How we grew from 0 to 4 million women on our fashion app, with a vertical machine learning approach
Three years ago we launched Chicisimo, our goal was to offer automated outfit advice. Today, with over 4 million women on the app, we want to share how our data and machine learning approach helped us grow. It’s been chaotic but it is now under control.
Our thesis: Outfits are the best asset to understand people’s taste. Understanding taste will transform online fashion
If we wanted to build a human-level tool to offer automated outfit advice, we needed to understand people’s fashion taste. A friend can give us outfit advice because after seeing what we normally wear, she’s learnt our style. How could we build a system that learns fashion taste?
We had previous experience with taste-based projects and a background in machine learning applied to music and other sectors. We saw how a collaborative filtering tool transformed the music industry from blindness to totally understanding people (check out the Audioscrobbler story). It also made life better for those who love music, and created several unicorns along the way.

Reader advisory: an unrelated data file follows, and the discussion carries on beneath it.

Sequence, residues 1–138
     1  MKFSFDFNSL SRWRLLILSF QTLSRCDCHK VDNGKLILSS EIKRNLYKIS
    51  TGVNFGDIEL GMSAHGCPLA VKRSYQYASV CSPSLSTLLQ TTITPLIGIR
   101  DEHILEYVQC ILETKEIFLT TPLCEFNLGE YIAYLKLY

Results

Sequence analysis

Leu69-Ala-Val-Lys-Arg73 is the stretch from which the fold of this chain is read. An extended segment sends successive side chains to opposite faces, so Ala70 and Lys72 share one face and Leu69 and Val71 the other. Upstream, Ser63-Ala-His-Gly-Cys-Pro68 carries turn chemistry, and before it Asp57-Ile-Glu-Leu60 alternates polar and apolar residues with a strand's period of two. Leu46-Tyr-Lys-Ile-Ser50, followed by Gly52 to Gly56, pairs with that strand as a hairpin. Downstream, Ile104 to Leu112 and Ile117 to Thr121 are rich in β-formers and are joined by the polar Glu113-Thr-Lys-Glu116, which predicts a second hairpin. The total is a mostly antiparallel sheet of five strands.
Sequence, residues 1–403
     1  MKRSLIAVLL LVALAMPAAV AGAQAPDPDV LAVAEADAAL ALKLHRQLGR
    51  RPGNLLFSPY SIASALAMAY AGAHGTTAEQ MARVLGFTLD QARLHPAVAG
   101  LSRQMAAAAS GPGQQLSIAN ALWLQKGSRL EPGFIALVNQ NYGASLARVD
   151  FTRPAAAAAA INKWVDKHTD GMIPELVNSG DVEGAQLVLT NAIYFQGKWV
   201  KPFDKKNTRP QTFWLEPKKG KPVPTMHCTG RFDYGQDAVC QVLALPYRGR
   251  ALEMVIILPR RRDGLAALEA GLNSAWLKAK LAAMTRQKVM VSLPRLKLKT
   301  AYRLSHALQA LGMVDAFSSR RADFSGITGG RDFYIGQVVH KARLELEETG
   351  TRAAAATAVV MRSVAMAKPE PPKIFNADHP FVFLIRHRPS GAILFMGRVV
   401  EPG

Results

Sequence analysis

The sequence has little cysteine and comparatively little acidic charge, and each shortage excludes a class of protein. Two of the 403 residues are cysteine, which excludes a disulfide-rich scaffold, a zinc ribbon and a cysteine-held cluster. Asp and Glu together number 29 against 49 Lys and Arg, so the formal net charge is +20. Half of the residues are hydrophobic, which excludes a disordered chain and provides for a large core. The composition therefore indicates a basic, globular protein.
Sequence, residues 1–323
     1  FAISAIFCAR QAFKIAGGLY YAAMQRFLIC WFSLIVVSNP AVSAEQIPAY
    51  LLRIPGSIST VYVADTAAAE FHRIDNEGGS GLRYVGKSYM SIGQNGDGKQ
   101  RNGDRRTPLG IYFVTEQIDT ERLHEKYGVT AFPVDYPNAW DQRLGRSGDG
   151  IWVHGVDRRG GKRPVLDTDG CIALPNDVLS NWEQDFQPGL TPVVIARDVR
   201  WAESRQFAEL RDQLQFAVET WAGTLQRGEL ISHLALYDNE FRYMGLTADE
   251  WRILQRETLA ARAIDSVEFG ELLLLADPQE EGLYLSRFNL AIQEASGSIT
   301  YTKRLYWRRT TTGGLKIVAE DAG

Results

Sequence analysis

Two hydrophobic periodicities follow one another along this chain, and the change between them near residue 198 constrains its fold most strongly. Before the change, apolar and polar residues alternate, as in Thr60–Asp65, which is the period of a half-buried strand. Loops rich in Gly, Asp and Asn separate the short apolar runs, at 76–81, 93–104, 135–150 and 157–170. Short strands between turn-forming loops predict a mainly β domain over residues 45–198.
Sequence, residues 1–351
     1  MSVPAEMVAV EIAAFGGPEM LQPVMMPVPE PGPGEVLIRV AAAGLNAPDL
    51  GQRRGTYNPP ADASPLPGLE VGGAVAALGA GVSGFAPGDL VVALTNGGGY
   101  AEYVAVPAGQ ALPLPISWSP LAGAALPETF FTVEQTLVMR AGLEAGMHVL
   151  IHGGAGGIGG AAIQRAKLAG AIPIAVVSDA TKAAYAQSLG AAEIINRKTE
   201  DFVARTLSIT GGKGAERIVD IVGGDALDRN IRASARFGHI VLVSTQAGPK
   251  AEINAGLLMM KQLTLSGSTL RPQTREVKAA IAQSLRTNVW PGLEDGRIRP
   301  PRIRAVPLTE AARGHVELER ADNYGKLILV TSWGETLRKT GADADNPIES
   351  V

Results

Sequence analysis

With this background, we built the following thesis: online fashion will be transformed by a tool that understands taste. Because if you understand taste, you can delight people with relevant content and a meaningful experience. We also thought that “outfits” were the asset that would allow taste to be understood, to learn what people wear or have in their closet, and what style each of us like.
Online fashion will be transformed by a tool that understands taste. Because if you understand taste, you can delight people. “Outfits” are the asset that allows taste to be understood
We decided we were going to build that tool to understand taste. We focused on developing the correct dataset, and built two assets: our mobile app and our data platform.
1st Step: Building the app for people to express their needs
From previous experience building mobile products, even in Symbian back then, we knew it was easy to bring people to an app but difficult to retain them. So we focused on small iterations to learn as fast as possible.